Families with one partner earning over £50,000 a year will begin to receive reduced child benefit payments from today, with households earning more than £60,000 seeing the payments disappear altogether.
Child benefit used to be a universal benefit for anyone with children. However, the Chancellor George Osborne announced in the 2012 Budget that higher earners would be means tested for child benefit, which is thought to save the Treasury £2bn a year.
This means that 1.1 million recipients will lose some or all of their child benefit payments, with the average loss around £1,300. Some 70% of those affected by the new rules will no longer receive child benefit payments at all.
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How the new child benefit rules work
Child benefit payments are being reduced for any family where one parent earns £50,000 or more. The benefit will be reduced on a sliding scale the more a parent earns over £50,000. This is 1% for every £100 earned over £50,000.
Families with one parent earning over £60,000 will see child benefit payments reduced completely.
However, families that simply have a combined income over £50,000 – say one parent earns £30,000 and the other earns £25,000 – won’t be affected by the changes. In theory, this means that both partners can earn up to £49,000 and still receive full child benefit, even though their combined household income is £98,000.
Self-assessment tax returns
In the build up to the introduction of the new child benefit rules, families affected were given the option of stopping child benefit payments. HMRC has stated that 200,000 people have done this. However, those that have not opted-out will continue to receive the payments, but must repay them through higher tax.
The new High Income Child Benefit Charge must be declared by the highest earning partner on an annual self-assessment tax return. This will first need to be completed by January 2014 (online), for any child benefit payments received between today and 5 April 2013 – the current tax year.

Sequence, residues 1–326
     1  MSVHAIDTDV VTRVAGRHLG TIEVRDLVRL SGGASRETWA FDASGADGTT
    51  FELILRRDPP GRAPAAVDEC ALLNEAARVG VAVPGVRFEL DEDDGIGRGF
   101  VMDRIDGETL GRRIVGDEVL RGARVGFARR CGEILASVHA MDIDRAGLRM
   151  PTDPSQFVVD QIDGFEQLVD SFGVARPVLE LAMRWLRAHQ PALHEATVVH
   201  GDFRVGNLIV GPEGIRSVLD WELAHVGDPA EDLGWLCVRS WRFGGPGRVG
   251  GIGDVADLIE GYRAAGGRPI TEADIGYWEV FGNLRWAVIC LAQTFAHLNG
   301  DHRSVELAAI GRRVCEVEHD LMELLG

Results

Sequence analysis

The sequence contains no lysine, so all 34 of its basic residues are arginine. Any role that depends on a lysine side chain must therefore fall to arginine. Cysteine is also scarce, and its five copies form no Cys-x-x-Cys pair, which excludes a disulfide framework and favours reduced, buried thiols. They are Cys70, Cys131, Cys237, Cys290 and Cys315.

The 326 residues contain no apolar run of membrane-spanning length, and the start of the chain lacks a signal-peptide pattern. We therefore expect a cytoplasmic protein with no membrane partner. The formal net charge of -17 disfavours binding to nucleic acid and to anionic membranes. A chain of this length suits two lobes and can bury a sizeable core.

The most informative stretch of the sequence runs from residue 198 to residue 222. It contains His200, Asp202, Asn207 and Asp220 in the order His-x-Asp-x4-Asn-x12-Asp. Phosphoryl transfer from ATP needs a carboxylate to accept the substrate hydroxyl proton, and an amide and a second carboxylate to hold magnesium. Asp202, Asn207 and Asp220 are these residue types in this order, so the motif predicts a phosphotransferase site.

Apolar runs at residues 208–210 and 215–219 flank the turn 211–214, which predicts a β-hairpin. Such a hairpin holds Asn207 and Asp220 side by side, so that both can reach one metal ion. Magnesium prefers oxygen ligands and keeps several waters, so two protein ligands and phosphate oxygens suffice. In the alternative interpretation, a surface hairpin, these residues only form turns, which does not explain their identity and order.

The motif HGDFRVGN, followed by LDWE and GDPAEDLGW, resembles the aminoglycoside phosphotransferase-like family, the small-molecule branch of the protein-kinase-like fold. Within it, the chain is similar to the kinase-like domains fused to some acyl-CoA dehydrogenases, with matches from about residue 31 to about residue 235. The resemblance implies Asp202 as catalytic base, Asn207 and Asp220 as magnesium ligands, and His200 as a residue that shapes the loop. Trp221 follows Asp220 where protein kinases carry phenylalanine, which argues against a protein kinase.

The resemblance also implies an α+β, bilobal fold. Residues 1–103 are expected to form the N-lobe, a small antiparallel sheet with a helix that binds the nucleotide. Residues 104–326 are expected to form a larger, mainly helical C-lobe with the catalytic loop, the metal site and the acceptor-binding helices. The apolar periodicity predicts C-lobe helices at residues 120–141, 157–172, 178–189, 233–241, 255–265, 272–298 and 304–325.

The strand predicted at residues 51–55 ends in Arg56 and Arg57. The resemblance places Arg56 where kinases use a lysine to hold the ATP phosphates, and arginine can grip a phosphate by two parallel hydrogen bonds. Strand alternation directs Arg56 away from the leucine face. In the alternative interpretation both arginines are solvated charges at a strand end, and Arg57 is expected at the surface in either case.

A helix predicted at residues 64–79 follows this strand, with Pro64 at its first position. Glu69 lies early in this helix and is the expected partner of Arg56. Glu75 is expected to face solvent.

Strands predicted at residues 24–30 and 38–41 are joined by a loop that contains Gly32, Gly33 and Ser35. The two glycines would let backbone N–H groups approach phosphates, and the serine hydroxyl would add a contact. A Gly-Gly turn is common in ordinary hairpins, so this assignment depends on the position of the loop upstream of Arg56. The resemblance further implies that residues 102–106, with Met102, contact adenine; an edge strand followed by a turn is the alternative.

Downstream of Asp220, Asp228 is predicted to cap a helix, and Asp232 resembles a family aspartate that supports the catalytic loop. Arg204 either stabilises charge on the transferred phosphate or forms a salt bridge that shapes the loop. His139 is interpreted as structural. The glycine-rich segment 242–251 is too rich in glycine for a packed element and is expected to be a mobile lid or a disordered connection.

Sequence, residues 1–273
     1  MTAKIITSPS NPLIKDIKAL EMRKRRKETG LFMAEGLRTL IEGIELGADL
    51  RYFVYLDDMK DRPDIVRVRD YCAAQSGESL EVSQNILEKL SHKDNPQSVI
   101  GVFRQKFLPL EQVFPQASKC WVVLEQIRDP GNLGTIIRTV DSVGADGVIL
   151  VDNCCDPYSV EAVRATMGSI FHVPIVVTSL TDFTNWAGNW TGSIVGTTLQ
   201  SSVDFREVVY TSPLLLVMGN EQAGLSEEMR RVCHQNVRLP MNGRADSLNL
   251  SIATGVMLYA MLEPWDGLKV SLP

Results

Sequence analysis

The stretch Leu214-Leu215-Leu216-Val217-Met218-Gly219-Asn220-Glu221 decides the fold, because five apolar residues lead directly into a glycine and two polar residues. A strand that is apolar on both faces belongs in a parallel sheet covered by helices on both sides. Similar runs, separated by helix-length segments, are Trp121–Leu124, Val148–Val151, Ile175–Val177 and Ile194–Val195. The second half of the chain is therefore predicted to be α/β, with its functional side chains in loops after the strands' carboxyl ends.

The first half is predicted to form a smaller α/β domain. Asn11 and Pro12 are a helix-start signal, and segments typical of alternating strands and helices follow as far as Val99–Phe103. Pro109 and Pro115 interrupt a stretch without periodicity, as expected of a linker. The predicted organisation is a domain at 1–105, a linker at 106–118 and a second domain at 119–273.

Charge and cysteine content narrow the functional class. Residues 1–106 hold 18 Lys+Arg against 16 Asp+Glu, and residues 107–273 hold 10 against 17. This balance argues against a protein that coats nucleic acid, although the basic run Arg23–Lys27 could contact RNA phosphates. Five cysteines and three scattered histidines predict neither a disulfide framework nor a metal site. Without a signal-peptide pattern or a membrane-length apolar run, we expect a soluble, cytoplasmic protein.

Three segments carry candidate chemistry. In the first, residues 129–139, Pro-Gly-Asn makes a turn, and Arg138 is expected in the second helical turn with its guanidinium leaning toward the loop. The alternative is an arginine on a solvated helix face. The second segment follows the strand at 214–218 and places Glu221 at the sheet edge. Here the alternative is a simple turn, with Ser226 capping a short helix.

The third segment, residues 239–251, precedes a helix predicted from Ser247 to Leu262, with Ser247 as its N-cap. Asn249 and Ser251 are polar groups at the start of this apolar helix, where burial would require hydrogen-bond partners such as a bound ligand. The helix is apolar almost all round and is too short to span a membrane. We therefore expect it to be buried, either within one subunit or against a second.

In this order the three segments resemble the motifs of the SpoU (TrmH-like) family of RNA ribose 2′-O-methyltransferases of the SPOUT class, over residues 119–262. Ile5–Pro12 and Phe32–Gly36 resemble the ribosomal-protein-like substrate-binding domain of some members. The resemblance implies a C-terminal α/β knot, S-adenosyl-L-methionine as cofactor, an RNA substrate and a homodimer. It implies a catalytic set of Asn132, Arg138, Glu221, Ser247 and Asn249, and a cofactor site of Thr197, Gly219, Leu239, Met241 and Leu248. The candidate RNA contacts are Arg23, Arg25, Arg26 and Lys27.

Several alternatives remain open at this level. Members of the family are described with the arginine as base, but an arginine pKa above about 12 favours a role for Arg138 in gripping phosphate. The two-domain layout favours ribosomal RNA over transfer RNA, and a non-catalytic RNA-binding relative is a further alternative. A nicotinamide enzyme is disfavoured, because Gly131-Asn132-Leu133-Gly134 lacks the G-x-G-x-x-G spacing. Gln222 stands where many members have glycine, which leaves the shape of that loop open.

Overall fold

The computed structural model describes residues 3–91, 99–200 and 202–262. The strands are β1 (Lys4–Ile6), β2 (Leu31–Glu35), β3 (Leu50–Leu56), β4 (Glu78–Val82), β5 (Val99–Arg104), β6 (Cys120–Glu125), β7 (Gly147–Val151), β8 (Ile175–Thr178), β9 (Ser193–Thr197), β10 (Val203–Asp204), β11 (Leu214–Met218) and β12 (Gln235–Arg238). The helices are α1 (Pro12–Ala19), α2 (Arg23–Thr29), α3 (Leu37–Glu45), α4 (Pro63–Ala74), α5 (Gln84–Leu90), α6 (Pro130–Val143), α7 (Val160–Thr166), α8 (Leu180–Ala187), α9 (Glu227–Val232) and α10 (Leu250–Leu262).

Families with one parent earning over £60,000 who cancel child benefit payments now will only have a small amount to repay in their 2014 tax assessment and then will not have to fill out a self-assessment tax return in 2015.
You can choose to pay the Charge as either a lump sum, or have it clawed back through an adjustment to your tax code.
Net-adjusted income – why this is so important
Crucially, the reduction in child benefit payments will only tax place if your ‘net-adjusted’ or taxable income is over the £50,000 threshold. This is your income after things like pension contributions, benefits-in-kind and salary sacrifice.
Therefore, even if your gross salary is £60,000, you may not be affected by the changes, or may see a smaller reduction in child benefit payments. There are other ways to keep hold of your child benefit payments, which include:
- Buying childcare vouchers or extra holiday
- Paying more into your pension through additional voluntary contributions
- Giving money to charity through your salary
This acts as a way of reducing your taxable income. Find out more in our guide to salary sacrifice.